Spotted Wing Drosophila
Genus species: Drosophila suzukii
Simple traps can be made to monitor for this very important pest — research on SWD traps and baits has shown that the commercially available traps and lures by Scentry and Trece work as effectively as the home-made whole wheat dough trap. Traps baited with an apple cider vinegar drowning solution plus an ampule containing a fermenting whole wheat dough bait floating in the cider vinegar have proven successful in capturing adult SWD. Traps should be checked once per week, adding fresh vinegar drowning solution and fresh bait. For easier sorting through trap contents to find SWD, check traps daily.
There is a trap network run by Extension personnel across New York State who are monitoring SWD in fruit plantings. The results of their findings are posted on the Spotted Wing Drosophila blog and a distribution map is generated from the SWD trap network. The SWD findings by the network can provide early warning of SDW arrivals in NY.
Another outcome of monitoring SWD with traps is to gain a perspective on the effectiveness of insecticide treatments in eliminating SWD from a planting, though research to validate this is lacking.
Fruit can be inspected for evidence of larval feeding. Small holes in berries made by the larvae may leak juice when the berry is gently squeezed; this is especially diagnostic on blueberry. Fruit with multiple drupes, such as raspberry may be so fragile as to not lend itself to this type of examination. Infested red raspberry fruit may leave a red juice stain on the berry receptacle when the fruit is picked. Raspberries may also leak juice onto foliage. Fruit with small indents or bruises where the berry surface appears to have flattened or deflated may be infested.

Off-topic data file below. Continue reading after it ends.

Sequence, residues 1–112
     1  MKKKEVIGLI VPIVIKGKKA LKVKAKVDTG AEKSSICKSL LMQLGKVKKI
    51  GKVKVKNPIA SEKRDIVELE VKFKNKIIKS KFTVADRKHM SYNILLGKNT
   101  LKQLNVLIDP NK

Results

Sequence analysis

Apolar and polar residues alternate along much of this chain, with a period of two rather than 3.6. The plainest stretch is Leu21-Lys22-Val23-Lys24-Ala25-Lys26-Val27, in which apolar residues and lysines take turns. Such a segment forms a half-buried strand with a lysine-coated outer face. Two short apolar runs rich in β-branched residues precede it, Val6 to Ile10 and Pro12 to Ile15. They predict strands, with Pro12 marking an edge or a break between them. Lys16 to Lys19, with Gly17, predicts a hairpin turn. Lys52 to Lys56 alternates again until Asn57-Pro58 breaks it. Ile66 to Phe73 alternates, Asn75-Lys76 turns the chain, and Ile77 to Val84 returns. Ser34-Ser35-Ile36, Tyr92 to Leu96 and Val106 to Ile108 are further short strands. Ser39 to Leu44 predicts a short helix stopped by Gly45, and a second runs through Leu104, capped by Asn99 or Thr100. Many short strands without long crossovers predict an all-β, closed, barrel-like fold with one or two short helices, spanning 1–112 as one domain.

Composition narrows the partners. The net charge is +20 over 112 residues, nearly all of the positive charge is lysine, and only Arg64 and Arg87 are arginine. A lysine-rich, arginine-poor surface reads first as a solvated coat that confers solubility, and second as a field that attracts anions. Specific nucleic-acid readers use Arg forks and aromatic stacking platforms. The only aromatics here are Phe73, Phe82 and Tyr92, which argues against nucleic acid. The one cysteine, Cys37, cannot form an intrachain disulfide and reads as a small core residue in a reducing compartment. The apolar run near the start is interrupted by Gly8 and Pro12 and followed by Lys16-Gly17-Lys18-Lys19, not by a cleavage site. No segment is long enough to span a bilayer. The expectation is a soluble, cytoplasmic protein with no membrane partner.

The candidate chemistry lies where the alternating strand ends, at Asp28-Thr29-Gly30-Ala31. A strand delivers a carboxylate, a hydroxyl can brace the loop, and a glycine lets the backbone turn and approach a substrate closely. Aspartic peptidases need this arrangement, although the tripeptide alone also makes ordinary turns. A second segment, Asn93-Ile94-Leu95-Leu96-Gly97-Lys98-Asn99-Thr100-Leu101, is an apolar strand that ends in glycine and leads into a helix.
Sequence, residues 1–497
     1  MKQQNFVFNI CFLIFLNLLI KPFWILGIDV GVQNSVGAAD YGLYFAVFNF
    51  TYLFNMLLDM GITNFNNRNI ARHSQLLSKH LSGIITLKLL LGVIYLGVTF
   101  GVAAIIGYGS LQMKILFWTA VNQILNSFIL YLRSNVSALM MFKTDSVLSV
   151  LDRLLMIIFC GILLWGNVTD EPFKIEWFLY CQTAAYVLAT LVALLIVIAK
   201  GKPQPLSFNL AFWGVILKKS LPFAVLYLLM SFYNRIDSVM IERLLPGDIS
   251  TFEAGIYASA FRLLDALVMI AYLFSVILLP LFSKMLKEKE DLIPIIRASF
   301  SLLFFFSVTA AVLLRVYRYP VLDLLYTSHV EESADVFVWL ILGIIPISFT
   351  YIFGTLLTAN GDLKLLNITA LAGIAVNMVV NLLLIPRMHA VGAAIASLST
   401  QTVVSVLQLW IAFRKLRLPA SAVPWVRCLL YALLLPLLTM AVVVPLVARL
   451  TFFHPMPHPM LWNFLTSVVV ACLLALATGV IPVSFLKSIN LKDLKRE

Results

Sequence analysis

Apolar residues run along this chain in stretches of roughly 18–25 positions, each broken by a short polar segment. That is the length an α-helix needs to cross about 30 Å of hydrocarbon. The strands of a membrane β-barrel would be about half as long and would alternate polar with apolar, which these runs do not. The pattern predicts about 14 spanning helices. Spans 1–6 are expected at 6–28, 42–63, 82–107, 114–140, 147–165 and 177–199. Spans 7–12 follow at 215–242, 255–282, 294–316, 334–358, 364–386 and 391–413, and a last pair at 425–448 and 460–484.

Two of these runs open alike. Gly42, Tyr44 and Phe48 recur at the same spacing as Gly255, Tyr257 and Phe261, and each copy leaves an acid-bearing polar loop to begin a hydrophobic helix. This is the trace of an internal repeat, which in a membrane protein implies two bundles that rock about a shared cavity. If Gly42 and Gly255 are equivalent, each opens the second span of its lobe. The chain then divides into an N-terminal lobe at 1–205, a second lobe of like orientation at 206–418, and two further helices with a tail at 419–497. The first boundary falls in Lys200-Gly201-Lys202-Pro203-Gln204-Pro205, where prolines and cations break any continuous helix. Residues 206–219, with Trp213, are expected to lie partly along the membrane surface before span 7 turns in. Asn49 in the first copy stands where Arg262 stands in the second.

Salt Floatation to find larvae. Immersing fruit in a solution of 1 Tbsp. (14.8 cc) table salt per 1 cup (236.6 ml) water, will cause larvae to emerge from fruit. An effective sample size being used for checking fruit for infestation on large-scale commercial farms is at least 100 fruit per block per harvest. Suggested methods were adapted for NY growers in Guidelines for Checking Fruit for SWD Larvae in the Field (pdf).
- Spotted Wing Drosophila Identification Guide – Michigan State University
- Recognizing Fruit Damaged by Spotted Wing Drosophila (SWD), Drosophila suzukii – USDA
- Recognize Fruit Damage from Spotted Wing Drosophila (SWD) – Oregon State University